Southampton Town is saving money and the environment with its LED lighting project.
The roughly one-year, $1.9 million endeavor includes replacing 2,708 streetlights and installing 70 security cameras throughout town. Additional lighting was also installed at seven Southampton beaches to improve safety. The municipality is one of the first to take part in the Smart Street Lighting NY program under Gov. Andrew Cuomo’s “Reforming the Energy Vision,” which includes the goal of a 40 percent reduction in greenhouse gas emissions by 2030.
“Financially, we’ll be way ahead of a quarter of a million dollars in savings,” Supervisor Jay Schneiderman said. “Why would any municipality not do this?”
The project is being financed by the New York Power Authority. The town will repay that money over eight years The town also received state grants to cover the cost of increasing the number of streetlights along a 1.3-mile stretch of Montauk Highway in Bridgehampton. Once the project is completed the town expects to save about $250,000 in electricity costs.
“As soon as final reconciliation happens, the town will make monthly payments to NYPA,” said NYPA Energy Manager Jeff Laino. “The monthly cost savings is greater than the monthly loan payment to NYPA, making the town $28,000 cash-flow positive. The town will be paying less in labor too, because there will be less maintenance of light fixtures, which the town is also deciding to do itself.”
Southampton’s project was one of the very first street lighting projects under the new state program, and the first to implement “smart” technology. The fixtures can be controlled through a smartphone app that can be used to adjust brightness, and it includes an asset management system that automatically informs the town when a light is out. This also reduces maintenance costs.
According to NYPA Project Manager Paul Parthemore, the lights are set to dim 50 percent between 11 PM and 5 AM, except on major highways. Because the town will have a small stock of backup lights, old ones can be replaced immediately and sent back to Philips, the manufacturer, for replacement if they fail before their 10-year warranty expires.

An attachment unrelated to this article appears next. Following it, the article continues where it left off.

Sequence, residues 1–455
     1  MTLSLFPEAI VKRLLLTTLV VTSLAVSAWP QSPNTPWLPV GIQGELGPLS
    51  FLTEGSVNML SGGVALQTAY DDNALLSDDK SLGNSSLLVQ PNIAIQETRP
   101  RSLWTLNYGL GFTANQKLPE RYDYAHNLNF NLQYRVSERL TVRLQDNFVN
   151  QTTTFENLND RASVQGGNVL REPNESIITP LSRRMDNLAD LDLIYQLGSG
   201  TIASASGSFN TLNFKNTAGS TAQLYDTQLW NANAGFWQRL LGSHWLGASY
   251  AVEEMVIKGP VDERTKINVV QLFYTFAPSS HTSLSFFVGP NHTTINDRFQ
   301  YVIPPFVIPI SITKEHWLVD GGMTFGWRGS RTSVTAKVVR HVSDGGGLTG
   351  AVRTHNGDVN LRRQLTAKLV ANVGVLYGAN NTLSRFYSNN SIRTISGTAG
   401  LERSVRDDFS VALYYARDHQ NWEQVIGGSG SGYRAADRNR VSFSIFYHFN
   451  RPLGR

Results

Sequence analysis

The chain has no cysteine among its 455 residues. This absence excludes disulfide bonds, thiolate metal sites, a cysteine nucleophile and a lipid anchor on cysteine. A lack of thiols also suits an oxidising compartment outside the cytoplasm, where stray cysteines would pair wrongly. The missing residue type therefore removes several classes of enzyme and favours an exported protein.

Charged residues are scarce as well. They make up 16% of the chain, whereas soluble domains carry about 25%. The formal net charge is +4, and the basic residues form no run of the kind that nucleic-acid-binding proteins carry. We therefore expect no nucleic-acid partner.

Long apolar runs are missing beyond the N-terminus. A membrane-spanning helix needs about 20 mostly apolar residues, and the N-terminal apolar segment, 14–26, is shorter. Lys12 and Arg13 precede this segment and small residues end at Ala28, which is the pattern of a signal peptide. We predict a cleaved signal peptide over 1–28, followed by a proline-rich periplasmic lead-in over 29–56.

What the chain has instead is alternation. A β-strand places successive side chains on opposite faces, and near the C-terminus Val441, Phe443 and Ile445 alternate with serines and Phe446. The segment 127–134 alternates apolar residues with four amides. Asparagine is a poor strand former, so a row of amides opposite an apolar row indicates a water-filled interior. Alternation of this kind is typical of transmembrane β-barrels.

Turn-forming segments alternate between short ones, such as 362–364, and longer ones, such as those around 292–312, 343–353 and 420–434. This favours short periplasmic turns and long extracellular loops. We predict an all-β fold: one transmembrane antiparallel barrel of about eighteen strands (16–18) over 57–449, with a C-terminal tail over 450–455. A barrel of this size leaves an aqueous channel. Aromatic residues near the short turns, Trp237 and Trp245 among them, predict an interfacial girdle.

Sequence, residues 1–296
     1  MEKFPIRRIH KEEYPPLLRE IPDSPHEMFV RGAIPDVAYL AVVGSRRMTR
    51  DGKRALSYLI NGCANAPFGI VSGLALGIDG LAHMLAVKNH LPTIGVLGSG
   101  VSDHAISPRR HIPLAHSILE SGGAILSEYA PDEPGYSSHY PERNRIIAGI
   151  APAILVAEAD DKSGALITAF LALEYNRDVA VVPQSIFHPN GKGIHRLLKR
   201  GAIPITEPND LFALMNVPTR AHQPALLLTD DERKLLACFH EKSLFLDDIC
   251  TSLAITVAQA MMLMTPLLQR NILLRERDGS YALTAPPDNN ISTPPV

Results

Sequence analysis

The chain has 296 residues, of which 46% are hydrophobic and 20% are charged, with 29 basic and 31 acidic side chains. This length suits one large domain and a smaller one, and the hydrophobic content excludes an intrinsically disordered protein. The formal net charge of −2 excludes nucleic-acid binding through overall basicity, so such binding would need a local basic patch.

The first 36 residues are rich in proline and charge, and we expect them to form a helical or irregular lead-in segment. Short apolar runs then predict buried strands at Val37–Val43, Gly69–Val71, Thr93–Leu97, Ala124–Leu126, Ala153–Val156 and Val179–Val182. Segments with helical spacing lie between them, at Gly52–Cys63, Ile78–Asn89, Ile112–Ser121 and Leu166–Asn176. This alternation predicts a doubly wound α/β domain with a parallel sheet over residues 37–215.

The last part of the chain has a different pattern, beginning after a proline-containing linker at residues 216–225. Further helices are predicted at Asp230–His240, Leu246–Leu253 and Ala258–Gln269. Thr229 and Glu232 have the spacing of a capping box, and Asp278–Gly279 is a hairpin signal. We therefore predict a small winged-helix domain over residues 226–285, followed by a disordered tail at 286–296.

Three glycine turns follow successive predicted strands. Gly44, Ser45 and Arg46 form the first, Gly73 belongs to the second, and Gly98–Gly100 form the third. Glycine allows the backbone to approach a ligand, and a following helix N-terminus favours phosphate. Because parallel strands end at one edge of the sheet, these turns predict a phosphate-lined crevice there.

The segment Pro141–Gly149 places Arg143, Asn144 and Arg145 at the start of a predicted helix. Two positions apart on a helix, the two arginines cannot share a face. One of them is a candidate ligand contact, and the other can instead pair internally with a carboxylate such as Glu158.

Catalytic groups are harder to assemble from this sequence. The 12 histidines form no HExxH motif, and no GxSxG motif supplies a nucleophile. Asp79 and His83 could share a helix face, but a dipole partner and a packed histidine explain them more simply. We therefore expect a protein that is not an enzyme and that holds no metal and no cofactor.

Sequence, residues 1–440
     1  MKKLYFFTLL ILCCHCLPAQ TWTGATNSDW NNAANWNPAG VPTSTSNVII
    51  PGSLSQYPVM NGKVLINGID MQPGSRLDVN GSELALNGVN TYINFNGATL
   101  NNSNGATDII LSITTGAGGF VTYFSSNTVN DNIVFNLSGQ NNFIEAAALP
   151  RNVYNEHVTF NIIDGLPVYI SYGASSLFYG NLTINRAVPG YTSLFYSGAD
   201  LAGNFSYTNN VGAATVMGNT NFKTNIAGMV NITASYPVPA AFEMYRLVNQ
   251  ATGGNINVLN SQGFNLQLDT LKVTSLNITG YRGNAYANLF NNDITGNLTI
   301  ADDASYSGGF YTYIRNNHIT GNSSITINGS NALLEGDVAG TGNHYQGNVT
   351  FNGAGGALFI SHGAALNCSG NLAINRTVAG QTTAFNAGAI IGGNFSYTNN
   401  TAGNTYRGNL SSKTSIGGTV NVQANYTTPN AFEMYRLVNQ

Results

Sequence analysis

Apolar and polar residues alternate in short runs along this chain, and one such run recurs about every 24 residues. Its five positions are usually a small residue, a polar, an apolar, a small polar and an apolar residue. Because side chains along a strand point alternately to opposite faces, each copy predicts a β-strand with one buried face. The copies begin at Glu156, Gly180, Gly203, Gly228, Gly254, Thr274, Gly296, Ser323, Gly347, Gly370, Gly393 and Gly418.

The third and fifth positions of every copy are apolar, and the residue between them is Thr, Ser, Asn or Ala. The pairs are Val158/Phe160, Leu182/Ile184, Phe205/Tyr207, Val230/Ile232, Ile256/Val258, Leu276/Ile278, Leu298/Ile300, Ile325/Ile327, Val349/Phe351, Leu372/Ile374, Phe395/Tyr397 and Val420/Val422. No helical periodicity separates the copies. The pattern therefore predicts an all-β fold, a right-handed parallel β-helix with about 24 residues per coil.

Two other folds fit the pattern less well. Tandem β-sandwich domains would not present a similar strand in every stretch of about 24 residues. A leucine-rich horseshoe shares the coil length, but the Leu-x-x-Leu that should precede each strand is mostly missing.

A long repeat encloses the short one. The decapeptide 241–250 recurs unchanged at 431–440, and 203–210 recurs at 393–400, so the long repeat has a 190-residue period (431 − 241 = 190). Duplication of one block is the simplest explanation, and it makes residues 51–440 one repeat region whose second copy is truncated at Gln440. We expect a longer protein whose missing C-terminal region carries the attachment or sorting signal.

Town Parks Director Kristen Doulos said the town was never able to keep a true inventory of backup bulbs before, pointing out that the new system is much more efficient. She added the town will also be credited a to-be-determined amount for the stock of bulbs that are not used.
Town Comptroller Len Marchese said there will be even more savings, since actual wattage usage is typically less than the maximum wattage of the bulbs. The town is working on getting Philips to send reports to the state so the town can get credited for any upcharges, since there will be reduced energy consumption. “The State Public Service Commission needs to accept this methodology,” Marchese said. “The actual reports to PSEG will be less with the dimmers.”
According to the NYPA representatives, the light distribution is focused in one direction, minimizing wasted energy. The lifespan is estimated between 60,000 and 80,000 hours for the streetlights, which can be dimmed down to 10 percent of their total wattage. This is compared to an estimated 20,000-40,000 hours with preexisting streetlights. Since the lights in the fixtures, which range in power, are almost never running at full capacity, Parthemore suggested eventually bumping up usage from 50 to 75 percent in the evening through morning hours to maintain the same brightness as the lights grow older.
Schneiderman pointed out even grander paybacks from this project. “It’s lower cost and there are less greenhouse gas emissions,” Schneiderman said. “The biggest benefit… the greatest benefit… is how little energy they use.”